3 nights in private group accommodations with bathroom and showers
1 night in private group accommodation with primitive bathroom facility
1 night of frontcountry camping with access to flush toilets and showers
Things to know
- We travel light on Overland trips; please only bring items on your packing list.
- Your group will have access to laundry periodically.
- Please do not bring any electronics (including your cell phone). See FAQs for more information on our cell phone and electronics policy.
- Do not bring any type of knife or multi-tool (such as a Swiss Army knife or Leatherman tool).
- Be sure to bring comfortable clothes that can get dirty and worn while volunteering.
- Linens and pillows are provided at all accommodations.
- There are no reimbursements for lost, damaged or stolen items.
- Please wear the navy Overland shirt that you will receive from the Overland office to your trip start location.
- Medium-Sized Duffel Bag or Backpack
3,000-5,000 cubic inch (50-80 liters) backpack or duffel bag. Wheeled suitcases are okay though it can be helpful to have shoulder straps.
- Navy Overland Shirt (1)
We will send students an Overland shirt prior to their trip, and we encourage students to wear their Overland shirt to trip start. We highly recommend this for students flying to their trip start location.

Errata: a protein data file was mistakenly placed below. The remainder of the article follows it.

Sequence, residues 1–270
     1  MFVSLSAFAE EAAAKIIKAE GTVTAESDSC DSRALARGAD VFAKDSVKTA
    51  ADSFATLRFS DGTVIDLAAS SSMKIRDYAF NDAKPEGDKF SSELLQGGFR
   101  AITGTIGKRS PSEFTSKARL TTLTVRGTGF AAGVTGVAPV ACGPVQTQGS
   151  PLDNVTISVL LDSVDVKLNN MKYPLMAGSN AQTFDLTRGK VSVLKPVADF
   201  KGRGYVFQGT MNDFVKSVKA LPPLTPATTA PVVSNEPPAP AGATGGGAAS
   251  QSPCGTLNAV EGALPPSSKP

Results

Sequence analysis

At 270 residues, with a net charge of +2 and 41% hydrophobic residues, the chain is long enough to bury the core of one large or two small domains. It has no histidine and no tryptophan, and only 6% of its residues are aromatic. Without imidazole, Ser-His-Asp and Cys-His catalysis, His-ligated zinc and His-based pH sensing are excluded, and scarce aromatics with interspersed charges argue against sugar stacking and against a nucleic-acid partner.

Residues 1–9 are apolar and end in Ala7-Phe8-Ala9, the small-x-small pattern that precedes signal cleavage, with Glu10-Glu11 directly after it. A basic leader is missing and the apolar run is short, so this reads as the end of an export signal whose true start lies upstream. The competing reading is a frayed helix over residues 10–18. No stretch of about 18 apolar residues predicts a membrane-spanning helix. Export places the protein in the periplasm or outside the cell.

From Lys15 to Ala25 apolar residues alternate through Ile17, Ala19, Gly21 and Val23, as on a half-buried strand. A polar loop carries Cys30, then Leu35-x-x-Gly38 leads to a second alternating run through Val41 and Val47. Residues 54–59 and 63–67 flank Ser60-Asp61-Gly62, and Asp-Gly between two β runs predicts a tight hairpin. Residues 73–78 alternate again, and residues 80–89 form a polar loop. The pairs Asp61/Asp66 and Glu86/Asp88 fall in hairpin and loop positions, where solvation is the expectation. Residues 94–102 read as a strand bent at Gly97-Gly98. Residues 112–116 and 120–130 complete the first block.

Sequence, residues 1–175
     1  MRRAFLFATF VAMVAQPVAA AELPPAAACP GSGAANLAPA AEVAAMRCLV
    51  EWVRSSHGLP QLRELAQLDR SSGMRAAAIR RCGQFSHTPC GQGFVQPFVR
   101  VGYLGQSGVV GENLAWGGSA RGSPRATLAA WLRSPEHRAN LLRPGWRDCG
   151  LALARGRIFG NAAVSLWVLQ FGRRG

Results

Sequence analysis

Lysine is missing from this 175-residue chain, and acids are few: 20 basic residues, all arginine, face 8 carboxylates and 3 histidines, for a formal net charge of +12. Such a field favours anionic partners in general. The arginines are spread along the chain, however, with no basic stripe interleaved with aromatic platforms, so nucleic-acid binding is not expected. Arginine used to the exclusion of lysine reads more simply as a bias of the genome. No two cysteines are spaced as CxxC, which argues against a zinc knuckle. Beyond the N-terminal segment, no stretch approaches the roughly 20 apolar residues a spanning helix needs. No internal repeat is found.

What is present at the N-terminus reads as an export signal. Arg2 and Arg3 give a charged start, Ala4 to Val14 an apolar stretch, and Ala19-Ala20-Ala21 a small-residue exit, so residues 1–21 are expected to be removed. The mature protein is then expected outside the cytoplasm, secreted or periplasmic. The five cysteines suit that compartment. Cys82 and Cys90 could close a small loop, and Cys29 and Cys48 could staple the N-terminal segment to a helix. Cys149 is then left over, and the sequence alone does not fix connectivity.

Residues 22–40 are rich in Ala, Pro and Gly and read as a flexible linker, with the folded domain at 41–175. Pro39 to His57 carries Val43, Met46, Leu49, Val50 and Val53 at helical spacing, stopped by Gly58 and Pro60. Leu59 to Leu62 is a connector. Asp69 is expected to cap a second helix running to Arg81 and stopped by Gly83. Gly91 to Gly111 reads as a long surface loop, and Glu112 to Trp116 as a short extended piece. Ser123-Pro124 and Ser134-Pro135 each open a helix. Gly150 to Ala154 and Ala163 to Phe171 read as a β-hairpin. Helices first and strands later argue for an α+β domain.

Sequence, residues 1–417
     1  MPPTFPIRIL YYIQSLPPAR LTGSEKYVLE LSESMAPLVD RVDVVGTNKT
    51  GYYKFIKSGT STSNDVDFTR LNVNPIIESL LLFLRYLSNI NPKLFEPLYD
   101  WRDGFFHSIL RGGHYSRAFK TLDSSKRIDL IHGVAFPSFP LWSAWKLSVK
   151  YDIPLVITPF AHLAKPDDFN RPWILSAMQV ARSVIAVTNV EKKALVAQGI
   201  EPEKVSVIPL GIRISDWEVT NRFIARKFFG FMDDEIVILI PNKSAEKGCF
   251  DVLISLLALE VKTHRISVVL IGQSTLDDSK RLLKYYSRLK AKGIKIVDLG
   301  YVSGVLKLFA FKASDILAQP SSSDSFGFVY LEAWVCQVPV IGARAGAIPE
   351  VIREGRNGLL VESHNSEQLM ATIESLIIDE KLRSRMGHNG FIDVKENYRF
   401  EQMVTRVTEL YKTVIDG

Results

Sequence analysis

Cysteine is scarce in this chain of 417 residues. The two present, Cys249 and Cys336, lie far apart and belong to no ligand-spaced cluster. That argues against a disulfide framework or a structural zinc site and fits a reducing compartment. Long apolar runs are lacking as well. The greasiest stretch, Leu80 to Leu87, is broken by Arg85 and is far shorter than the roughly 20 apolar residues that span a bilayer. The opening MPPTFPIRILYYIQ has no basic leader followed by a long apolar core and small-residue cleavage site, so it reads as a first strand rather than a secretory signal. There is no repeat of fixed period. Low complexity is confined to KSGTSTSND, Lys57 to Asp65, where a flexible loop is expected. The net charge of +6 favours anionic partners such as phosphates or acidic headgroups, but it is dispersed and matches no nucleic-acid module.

- Work Pants (1)
Durable and suitable for trail work.
- Pants (1)
Suitable for day hikes, travel or walks through towns and cities.
- T-Shirt (3)
Short-sleeve T-shirt or tank top.
- Synthetic T-Shirt (2)
Short-sleeve T-shirt or tank top.
- Long-Sleeve T-Shirt (1)
Lightweight for sun protection.
- Shorts (4)
Shorts suitable for daily activities including volunteer work and hiking.
- Swimsuit (1)
- Underwear (7)
- Athletic Socks (pair) (5)
- Wool and/or Synthetic Socks (2)
- Pajamas (optional)
Students sometimes prefer to sleep in shorts and a T-shirt instead of bringing pajamas.
- Bandana (optional)
- Hat with Visor (optional)
For protection from the sun. Baseball hats are acceptable.
- Fleece Jacket or Pullover (1)
Medium to heavyweight and reasonably compact.
- Waterproof Raincoat (1)